There were the predictable trailer queens — cars of yesterday that were painstakingly restored, brightly polished and towed to the event. The rat rods had a respectable showing, including an authentic rust bucket with a scantily clad rubber gal wiggling on the dash. I also enjoyed the lead sleds and T-Buckets, especially one shimmering green number that called to mind the luck o’ the Irish. There were some uncommon vehicles, such as the gorgeous yellow Mac truck, a dune buggy, and a Volkswagen Bus/camper.
Kids loved our 1968 Mercedes Unimog, which made its debut at the car show as a recent acquisition of ours. Unlike most of the vehicles there, which are strictly look and don’t touch, we were happy to help kids up into the driver’s seat of this old military vehicle to explore.
Another crowd pleaser was the 50’s Hearse covered in flat black chalkboard paint. A pail of chalk beside it invited spectators to write a message or draw art anywhere on the car.
My husband is what’s known as a car guy: someone who is passionate and knowledgeable about cars, especially older cars. He came along in the era of the muscle car, at a time where the average Joe could still work on his own car — before the computer took over, when you had to keep your car tuned and a few spare parts in the glove compartment, and car motors tended to die before 100,000 miles.
My guy is not just zealous about cars, but about anything with wheels — motorcycles, mini-bikes, go-karts, four-wheelers, etc. Like many guys, he has a favorite car brand. He’s a Mopar man all the way, shunning the Fords, Chevys, GMs and imports.
Since meeting him, I’ve been inducted into the culture although I, too, came along during the muscle car era, and where I hail from has an enormous car culture — including all manner of VWs, Corvettes, Porsches, Datsuns, low-riders and imports.
What I’ve realized in the past decade is that car guys are getting old. My husband, who is pushing 60, is generally bringing up the rear. That might not be particularly alarming except there doesn’t seem to be interest from the younger generations. This makes the car guys an endangered species.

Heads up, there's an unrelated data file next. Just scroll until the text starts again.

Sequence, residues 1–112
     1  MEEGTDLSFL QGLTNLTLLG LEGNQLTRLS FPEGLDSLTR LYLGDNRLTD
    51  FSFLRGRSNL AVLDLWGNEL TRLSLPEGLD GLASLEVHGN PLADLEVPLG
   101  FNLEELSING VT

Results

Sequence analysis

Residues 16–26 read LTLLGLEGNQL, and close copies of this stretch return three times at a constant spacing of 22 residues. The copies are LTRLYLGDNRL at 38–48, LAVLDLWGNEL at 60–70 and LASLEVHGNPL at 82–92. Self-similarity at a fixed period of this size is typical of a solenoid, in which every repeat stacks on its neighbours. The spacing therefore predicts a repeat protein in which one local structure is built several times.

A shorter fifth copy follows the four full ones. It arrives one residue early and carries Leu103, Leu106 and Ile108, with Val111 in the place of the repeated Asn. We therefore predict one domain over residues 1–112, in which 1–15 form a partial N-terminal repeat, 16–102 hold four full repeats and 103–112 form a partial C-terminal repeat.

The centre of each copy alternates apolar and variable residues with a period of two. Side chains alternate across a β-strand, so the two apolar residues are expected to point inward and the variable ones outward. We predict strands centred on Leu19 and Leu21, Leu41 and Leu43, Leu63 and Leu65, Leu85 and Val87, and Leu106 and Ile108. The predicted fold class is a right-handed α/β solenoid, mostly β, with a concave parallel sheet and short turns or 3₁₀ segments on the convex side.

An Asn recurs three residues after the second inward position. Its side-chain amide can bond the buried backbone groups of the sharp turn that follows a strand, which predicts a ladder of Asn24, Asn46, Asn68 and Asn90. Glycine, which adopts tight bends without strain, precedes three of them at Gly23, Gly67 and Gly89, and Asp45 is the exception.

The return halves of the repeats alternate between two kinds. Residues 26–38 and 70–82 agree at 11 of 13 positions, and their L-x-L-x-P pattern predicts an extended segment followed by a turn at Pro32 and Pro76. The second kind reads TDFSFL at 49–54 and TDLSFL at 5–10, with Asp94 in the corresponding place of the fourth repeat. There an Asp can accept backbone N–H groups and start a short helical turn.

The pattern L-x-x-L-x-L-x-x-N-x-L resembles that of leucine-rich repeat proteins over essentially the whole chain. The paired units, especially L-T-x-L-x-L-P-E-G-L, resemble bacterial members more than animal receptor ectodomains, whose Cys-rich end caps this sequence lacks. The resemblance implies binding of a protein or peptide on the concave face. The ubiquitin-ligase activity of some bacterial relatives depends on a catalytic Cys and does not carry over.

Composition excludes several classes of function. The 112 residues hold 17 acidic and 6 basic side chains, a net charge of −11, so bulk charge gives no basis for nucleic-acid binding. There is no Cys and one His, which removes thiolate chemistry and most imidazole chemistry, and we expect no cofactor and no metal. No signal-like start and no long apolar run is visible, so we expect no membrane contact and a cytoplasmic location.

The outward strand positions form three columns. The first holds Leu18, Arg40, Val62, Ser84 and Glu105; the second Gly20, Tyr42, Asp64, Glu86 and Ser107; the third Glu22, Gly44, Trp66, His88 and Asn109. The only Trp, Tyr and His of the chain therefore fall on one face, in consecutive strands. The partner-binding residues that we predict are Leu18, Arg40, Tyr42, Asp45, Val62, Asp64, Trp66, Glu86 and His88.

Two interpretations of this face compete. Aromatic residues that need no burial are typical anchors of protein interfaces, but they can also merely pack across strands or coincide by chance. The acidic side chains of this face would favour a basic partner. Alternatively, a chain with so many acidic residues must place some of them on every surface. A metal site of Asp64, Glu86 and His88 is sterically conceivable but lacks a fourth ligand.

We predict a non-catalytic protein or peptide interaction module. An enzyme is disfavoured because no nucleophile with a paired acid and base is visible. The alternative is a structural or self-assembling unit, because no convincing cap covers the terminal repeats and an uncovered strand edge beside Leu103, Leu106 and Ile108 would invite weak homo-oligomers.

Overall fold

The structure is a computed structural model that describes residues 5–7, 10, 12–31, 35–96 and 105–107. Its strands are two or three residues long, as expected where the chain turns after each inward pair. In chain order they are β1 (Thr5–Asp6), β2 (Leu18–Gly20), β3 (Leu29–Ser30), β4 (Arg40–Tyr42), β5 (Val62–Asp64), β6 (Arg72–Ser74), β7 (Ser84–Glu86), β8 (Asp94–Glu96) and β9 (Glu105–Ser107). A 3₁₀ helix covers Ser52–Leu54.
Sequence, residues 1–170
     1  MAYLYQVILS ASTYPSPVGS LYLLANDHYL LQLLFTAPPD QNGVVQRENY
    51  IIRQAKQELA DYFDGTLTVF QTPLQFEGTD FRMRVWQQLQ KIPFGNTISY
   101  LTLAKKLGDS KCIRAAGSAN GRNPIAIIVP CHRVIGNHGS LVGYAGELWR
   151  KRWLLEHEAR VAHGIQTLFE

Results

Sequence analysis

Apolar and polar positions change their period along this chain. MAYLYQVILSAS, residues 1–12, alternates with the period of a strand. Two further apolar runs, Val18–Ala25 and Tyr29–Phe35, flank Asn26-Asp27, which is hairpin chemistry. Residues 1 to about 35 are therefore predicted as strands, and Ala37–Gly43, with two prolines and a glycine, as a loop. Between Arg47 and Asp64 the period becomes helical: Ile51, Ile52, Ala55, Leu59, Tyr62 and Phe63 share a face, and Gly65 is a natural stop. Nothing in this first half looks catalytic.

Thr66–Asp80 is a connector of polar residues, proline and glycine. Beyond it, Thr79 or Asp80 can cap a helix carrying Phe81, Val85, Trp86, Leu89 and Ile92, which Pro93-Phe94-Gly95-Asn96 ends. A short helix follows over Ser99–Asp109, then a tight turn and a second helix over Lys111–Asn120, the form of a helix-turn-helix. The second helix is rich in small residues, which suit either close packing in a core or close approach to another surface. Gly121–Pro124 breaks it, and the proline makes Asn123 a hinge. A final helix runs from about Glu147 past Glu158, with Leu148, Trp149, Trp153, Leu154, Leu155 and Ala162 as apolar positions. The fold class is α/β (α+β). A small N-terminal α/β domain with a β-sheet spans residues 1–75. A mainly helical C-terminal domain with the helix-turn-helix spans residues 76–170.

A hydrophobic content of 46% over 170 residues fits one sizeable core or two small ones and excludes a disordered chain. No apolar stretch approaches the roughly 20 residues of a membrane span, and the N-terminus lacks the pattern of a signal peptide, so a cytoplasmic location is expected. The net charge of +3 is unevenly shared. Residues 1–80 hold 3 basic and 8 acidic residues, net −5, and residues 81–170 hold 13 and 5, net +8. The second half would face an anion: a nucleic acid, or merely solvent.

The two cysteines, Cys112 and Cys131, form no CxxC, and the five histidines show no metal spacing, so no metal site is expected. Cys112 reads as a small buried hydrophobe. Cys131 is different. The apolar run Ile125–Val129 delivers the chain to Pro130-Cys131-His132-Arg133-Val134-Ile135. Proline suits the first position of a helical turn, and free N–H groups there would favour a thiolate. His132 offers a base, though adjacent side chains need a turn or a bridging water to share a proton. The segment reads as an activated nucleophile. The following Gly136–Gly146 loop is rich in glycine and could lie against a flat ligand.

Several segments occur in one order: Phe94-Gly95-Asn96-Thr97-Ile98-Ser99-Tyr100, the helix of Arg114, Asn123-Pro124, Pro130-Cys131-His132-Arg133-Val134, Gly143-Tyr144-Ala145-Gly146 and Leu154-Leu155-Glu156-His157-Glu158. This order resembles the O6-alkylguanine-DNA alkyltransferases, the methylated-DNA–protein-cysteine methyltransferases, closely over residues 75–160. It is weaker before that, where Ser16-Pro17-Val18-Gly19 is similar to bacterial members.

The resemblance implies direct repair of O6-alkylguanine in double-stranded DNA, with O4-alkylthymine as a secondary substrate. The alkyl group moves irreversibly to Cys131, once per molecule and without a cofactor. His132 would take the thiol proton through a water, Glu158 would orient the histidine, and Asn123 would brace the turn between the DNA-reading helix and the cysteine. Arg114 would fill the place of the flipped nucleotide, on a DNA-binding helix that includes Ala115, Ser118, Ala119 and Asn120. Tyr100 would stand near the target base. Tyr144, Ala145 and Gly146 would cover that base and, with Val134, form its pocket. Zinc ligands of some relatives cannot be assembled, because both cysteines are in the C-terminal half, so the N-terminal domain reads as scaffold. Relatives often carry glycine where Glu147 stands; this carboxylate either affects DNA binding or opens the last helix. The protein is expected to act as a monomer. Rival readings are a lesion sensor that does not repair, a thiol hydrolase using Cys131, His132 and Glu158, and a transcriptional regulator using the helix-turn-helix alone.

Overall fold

Out of the hundreds of cars that turned out in Charles Town the first Saturday in September, we only found one kid who struck us as the next generation of car guy. He impressed us with the cool bicycle he brought to the show, made from parts he assembled to create a one-of-a-kind chrome-laden ride. He could answer every question about it, down to how many spokes were in each wheel. He rattled off the three top cars he’d like to own (all older), something weighing heavily on his mind at 15 years of age with street-legal driving just around the corner. His father beamed quietly on the sidelines from a nearby chair as he watched his son talking like a chip off the old block.
We also know one more kid, the son of a racecar mechanic, who is itching to work on old cars and make one his daily driver. He already has the skeleton of an old Mustang on the premises to start the process.
I hope there are more — kids of car guys who see the value in keeping these old hot-rods alive. Otherwise, what will happen to these wonderful cars of yesteryear? Will they end up in the landfills like our government wants? Die in the car crushers? Be placed back in barns and garages, forgotten for another hundred years?
It’s a bit of a crisis, if you ask me. Respect for and knowledge of how to nurture these jalopies will die with the car guys. Most kids today don’t have a clue about older vehicles. How they need warming up, how not to flood them or how to administer a tune-up. They likely wouldn’t know how to “roll” a window down and would be thrown by manual steering. Don’t even get me started on manual transmissions — they’d be baffled by three on a tree or four on the floor. They’d also be likely to lock the keys in the car or leave the lights on without some bell dinging to remind them. And where’s the navigation tool, you ask? It’s called an old-fashioned map, kid.
These old hoopties are national treasures, a chunk of our storied history — and so are the car guys (and gals) who love them. Maybe we need a “save the car guy” campaign.
This column appeared in The Journal on Sunday, September 11, 2016.